Identifying Factors that Contribute to Cognitive Decline to Predict and Prevent Dementia - Dr. Sudha Seshadri
Dr. Sudha Seshadri is a Professor of Neurology at Boston University School of Medicine, Senior Investigator at the Framingham Heart Study, and Co-Director of Medical Education for the Neurology Residency and Clerkship programs. She studies why the brain and cognitive function decline with age, and what modifiable factors determine this decline, with the hope of better predicting and preventing it. Outside work, she love to read, write poetry, go for walks, run, and spend time with her daughter.
A Remarkable Researcher Progressing towards Understanding and Preventing Alzheimer’s Disease - Dr. John Morris
Dr. John Morris is the Friedman Distinguished Professor of Neurology, Professor of Pathology and Immunology, Professor of Physical Therapy, and Professor of Occupational Therapy at Washington University in St. Louis. His work aims to understand the process Alzheimer’s disease development, compared to normal brain aging, to develop therapies to treat and prevent this disease. Outside work, Dr. Morris enjoys spending time with family, reading, and cycling on some of the fantastic bike paths in St. Louis.
576: Changing How We Think About Cancer by Revealing the Critical Role of Context in Tissue Specificity - Dr. Mina Bissell
Dr. Mina Bissell is a Distinguished Scientist in the Life Sciences Division of the Lawrence Berkeley National Laboratory. Mina is working to understand why the cells in a particular part of your body form the structures they do and not something else. Tissue and organ specificity are fundamentally related to cancer. When cells forget their tissue-specific functions, they can begin to pile up, form tumors, and travel elsewhere in the body. In her free time, Mina loves to exercise, spend time with her family, watch theatre performances, read, go hiking, and work in her garden. She received her B.A. in Chemistry from Radcliffe College and a M.Sc. in Bacteriology and Biochemistry as well as a Ph.D. in Microbiology and Molecular Genetics from Harvard University. Afterward, Mina was awarded a Milton Postdoctoral Fellowship at Harvard University followed by an American Cancer Society Postdoctoral Fellowship at the University of California, Berkeley. She started off at the Lawrence Berkeley Laboratory to study cell biology and cancer viruses and has dedicated over 40 years of her career to exceptional research there, rising through the ranks to her current position. Mina has received many awards and honors during her career. Just to name a few, she was awarded the highest award of the Department of Energy called the Lawrence Award, the Lifetime Achievement Prize from the Lawrence Berkeley National Laboratory, the American Cancer Society’s Medal of Honor, the Susan G. Komen Foundation Brinker Award, an Honorary Doctorate from Pierre and Marie Curie University, and many more. In addition, Mina has been elected as a Member of the National Academy of Sciences and a Member of the Institute of Medicine of the National Academies. She is also a Fellow of the American Association for the Advancement of Science, the American Academy of Arts and Sciences, the American Philosophical Society, and the Royal Society of Chemistry. A few years ago an award in Portugal was created in Mina’s name, and the Mina J. Bissell Award is given every 2 years to a person who has changed our perception of a field. In this interview, Mina shares her journey through life and science.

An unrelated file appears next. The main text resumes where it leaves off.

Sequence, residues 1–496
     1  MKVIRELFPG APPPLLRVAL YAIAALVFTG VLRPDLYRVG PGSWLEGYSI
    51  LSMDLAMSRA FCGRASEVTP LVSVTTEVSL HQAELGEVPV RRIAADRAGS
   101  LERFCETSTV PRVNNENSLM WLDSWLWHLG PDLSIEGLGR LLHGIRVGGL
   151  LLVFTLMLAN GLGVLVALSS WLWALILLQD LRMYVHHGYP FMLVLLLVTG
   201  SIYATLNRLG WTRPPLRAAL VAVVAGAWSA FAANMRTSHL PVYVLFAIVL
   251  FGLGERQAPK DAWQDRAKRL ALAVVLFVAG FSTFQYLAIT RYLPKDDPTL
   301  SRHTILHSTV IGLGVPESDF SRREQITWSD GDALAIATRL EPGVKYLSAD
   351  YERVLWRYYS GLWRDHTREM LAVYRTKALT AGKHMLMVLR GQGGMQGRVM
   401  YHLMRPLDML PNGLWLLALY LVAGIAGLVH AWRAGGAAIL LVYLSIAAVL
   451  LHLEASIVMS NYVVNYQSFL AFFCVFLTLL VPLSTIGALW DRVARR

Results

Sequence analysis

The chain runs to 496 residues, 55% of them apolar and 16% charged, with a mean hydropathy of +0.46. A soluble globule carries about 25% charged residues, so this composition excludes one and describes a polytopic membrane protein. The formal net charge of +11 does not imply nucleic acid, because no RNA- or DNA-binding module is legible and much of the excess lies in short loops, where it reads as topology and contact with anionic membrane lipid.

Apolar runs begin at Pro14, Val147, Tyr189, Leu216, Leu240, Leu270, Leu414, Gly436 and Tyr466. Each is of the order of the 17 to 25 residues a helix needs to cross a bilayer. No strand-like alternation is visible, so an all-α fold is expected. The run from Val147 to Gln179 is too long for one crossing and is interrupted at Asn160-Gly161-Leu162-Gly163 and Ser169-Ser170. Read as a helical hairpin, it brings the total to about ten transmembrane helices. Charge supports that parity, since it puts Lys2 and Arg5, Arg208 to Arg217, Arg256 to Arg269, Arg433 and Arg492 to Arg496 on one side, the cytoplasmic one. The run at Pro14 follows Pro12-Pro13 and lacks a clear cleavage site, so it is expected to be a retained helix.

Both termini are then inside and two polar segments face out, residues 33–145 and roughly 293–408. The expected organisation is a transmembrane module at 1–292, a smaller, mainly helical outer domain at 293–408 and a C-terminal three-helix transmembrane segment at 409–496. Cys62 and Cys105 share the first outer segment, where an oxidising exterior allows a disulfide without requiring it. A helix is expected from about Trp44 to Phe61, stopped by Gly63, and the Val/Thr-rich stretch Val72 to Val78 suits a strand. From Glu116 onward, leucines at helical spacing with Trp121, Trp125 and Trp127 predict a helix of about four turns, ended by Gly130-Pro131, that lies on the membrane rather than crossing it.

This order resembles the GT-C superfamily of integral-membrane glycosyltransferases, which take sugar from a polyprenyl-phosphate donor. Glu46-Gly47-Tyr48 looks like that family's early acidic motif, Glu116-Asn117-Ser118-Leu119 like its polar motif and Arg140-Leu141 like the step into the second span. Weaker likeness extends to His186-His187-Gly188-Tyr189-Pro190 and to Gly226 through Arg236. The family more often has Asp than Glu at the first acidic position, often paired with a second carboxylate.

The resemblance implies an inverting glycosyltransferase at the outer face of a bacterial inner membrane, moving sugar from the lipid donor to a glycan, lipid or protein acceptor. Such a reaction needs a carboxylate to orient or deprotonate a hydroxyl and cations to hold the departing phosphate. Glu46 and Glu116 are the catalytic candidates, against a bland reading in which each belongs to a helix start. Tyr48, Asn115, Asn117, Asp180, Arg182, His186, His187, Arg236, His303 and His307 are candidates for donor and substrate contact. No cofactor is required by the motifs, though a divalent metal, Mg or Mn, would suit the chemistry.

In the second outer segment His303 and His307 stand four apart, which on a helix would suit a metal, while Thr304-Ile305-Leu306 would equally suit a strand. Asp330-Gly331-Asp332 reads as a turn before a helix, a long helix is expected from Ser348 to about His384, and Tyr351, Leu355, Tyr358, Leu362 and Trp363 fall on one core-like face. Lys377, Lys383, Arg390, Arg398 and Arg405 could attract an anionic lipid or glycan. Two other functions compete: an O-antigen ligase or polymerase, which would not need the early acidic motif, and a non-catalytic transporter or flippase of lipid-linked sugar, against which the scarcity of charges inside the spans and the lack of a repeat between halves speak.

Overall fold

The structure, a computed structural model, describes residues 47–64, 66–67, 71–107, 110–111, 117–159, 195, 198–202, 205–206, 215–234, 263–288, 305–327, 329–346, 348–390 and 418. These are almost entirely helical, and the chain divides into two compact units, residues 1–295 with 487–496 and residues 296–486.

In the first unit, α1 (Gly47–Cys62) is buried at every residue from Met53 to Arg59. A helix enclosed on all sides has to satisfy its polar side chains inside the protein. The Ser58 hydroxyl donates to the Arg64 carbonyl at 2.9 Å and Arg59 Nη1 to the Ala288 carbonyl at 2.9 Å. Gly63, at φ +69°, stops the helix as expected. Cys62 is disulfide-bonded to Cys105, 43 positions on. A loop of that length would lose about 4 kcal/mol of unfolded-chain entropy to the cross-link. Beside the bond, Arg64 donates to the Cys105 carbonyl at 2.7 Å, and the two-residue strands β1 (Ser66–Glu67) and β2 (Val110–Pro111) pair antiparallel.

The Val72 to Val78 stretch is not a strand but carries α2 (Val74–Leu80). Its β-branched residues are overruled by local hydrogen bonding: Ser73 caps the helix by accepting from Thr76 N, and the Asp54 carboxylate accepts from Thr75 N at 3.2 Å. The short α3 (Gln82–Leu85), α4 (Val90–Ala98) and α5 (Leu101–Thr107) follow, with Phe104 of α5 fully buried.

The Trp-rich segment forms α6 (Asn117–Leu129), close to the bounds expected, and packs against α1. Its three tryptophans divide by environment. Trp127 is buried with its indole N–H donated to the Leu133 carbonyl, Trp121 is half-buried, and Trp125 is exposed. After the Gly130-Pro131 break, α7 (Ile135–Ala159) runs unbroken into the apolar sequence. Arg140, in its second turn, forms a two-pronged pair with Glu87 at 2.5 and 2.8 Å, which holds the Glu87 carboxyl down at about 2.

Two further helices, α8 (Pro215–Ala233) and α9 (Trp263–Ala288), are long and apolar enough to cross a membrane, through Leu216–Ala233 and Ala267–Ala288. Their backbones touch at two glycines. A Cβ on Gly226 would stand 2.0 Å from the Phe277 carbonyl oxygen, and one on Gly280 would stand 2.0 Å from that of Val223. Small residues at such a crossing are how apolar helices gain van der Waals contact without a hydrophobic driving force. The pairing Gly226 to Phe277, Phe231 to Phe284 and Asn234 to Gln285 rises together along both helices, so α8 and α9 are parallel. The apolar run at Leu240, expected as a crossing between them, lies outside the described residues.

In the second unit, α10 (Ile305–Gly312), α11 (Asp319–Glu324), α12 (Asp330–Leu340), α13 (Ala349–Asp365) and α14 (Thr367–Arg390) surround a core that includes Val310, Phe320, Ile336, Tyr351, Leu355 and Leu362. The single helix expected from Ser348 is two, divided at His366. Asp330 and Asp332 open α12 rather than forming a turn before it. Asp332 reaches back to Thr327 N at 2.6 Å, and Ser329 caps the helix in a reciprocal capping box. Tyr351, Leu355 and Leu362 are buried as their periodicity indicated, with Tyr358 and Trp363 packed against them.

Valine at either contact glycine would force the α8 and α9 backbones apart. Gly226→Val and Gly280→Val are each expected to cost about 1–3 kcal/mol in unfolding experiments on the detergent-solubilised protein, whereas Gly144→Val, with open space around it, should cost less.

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Valuable talk from big scientist
Valuable talk from big scientist